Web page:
San Diego, CA, October 31, 2011 -- How do humans learn, and how is the element of time critical for learning? The Temporal Dynamics of Learning Center (TDLC), headquartered at UC San Diego in the Institute for Neural Computation, is helping to answer that question, thanks in part to an $18 million renewal grant from the National Science Foundation.
Founded in 2006 with support from the NSF, TDLC is led by Gary Cottrell, professor of computer science and engineering at the UC San Diego Jacobs School of Engineering. The interdisciplinary team of scientists and educators includes over 40 principal investigators at 17 partner research institutions, including UC Berkeley, Rutgers University at Newark, and Vanderbilt University, in three countries, and in several local San Diego schools.
TDLC investigators believe that part of the current crisis in education is the lack of scientific understanding of how the brain learns, and the lack of translation of this scientific understanding to the classroom. TDLC is dedicated to the goal of understanding the role of time and timing in learning, on time scales ranging from milliseconds (the time scale at which brain cells connect) to years (the time scale of learning to be an expert). The ultimate goal -- gaining a better understanding of how we learn – could lead to improved educational practices and technologies that would give children a better chance of success in school, and ultimately in life.
The center’s projects, while revolving around the unifying theme of time, are diverse and cutting-edge. Researchers delve into topics that include: How does our brain change as we become experts, and can we train kids with autism to become “face experts” to improve their social skills? Can robots be endowed with the ability to “read” a student’s facial expressions, to improve intelligent tutoring systems? What are the best interventions for children struggling with English language and reading skills? What are the principles underlying the dynamics of active vision? How does musical training affect brain development, and can music interventions improve language and cognitive development? Answers to these questions and more could have far-reaching consequences.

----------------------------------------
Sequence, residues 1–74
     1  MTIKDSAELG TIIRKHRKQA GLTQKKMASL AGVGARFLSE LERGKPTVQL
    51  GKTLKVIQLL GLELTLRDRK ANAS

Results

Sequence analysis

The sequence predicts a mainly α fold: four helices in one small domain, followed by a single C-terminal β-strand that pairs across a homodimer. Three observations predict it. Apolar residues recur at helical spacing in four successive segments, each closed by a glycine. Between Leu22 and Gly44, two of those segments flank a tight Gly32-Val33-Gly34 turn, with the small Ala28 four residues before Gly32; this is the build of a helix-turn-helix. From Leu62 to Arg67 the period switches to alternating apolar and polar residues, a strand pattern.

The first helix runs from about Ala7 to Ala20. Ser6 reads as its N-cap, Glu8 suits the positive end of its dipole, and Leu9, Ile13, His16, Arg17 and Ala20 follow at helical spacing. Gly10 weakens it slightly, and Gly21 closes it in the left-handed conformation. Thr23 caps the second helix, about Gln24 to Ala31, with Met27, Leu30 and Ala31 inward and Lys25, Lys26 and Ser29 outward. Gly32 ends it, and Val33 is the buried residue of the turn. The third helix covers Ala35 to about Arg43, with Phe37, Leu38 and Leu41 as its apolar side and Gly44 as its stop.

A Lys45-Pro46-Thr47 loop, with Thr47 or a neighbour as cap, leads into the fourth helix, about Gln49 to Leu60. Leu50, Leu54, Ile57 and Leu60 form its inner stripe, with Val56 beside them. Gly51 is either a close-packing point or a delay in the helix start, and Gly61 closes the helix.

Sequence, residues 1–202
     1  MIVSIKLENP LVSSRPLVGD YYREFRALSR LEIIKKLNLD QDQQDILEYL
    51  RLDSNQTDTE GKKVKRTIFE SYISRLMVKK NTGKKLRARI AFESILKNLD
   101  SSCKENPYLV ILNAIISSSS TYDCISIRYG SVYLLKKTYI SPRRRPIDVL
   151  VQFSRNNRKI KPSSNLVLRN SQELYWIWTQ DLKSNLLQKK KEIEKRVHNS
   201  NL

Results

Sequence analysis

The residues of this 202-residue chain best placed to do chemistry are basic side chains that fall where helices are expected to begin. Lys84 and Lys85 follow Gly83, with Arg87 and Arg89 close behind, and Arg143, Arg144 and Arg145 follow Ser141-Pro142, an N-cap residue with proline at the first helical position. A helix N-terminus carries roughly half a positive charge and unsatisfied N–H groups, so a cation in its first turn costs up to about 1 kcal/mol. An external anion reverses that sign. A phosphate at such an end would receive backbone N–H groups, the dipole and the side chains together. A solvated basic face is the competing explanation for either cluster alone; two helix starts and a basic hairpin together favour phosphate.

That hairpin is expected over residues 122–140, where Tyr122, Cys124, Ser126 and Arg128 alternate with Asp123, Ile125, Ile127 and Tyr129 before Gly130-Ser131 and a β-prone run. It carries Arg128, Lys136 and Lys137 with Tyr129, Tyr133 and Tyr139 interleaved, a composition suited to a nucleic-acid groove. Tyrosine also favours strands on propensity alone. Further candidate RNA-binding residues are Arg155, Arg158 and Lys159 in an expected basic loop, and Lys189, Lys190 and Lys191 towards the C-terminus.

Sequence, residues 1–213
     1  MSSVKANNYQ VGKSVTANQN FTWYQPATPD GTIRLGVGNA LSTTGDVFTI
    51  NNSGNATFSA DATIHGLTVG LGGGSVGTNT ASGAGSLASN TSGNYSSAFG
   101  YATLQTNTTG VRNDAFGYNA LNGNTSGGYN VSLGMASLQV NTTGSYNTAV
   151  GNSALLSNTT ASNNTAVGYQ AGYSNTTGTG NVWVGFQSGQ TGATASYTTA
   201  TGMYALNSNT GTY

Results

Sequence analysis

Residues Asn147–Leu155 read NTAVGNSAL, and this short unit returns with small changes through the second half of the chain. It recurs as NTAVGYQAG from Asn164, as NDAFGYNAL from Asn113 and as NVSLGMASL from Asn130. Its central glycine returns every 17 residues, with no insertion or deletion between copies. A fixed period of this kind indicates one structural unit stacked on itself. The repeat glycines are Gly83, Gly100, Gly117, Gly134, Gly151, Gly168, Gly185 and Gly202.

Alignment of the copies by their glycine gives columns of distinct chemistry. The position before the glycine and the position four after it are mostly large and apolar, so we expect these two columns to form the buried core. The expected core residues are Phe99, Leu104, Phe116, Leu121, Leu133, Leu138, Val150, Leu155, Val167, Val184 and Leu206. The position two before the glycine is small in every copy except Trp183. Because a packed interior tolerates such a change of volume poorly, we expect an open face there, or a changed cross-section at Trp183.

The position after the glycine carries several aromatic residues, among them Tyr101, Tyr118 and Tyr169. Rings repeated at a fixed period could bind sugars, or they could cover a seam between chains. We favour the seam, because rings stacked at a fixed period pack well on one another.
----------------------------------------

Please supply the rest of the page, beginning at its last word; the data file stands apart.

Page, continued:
In addition to asking important questions, TDLC investigators are beginning to answer them. TDLC investigator April Benasich and her colleagues at Rutgers University recently discovered that they can predict later language difficulties by measuring babies’ brain waves. At UC San Diego, Scott Makeig, Howard Poizner, Virginia de Sa and others are investigating ways in which Brain–Computer Interfaces (BCI) — which process brain waves to command computers and other external devices like artificial limbs — can assist people with injuries or diseases affecting their ability to move and communicate. For example, Poizner and de Sa have found possible ways in which BCI might assist Parkinson’s Disease patients with walking. TDLC’s Jim Tanaka and his team at the University of Victoria, British Columbia, developed the Let's Face It! Program (LFI!) to train autistic children to recognize facial expressions, and the program has been shown to be successful in controlled studies. TDLC’s Science Director, Andrea Chiba at UC San Diego, with Rusty Gage of the Salk Institute and Janet Wiles of the University of Queensland in Australia, are investigating the role of new brain cells that are born every day in a part of our brain called the hippocampus, a structure critically important for memory. Their investigations are highly interdisciplinary, involving a combination of neurophysiological and behavioral studies, as well as tests of their theories “on the ground” using computer models of the hippocampus implemented in robotic rats.
Multidisciplinary Approach Is Validated
According to Cottrell, the center uses a multidisciplinary approach incorporating research in machine learning, psychology, cognitive science, behavioral neuroscience, molecular genetics, biophysics, mathematics, brain imaging, social robotics, computational models of learning, and education. Organizing this large enterprise is achieved through parsing the team into smaller research networks that form collegial, interdisciplinary communities focused on common questions. This new approach to science is what TDLC calls a “network-of-networks organization.”
“This award validates the important research being conducted at the Temporal Dynamics of Learning Center,” said Sandra Brown, Vice Chancellor for Research at UC San Diego. “This research center exemplifies the multidisciplinary and cross-institution approach to research being conducted in Organized Research Units such as the Institute for Neural Computation, TDLC’s home at UC San Diego.”
Bringing the Science to the Classroom
The Center's researchers have made it their mission to ensure that their work will be relevant to the real world of the classroom. TDLC works with teachers in the Center’s Educator’s Network and Distinguished Educators Advisory Panel, composed of star teachers and administrators from around San Diego County. These groups, led by Preuss School’s founding principal Doris Alvarez, meet regularly with Center scientists, and are planning a book to describe the teaching practices they have found to be effective. There are also plans to expand the Educator’s network to the partner institutions.
“Timing is a critical variable for learning at every level, from learning the precise temporal patterns of speech sounds, to learning appropriate sequences of movements, to optimal training and instructional schedules for learning, to the timing of reinforcement in the classroom,” Cottrell said. “Our team is working together to unravel the mysteries of learning through cooperative, interdisciplinary science. People think that’s hard to do, but at UC San Diego we thrive on this approach.”
Find more information about TDLC at http://tdlc.ucsd.edu.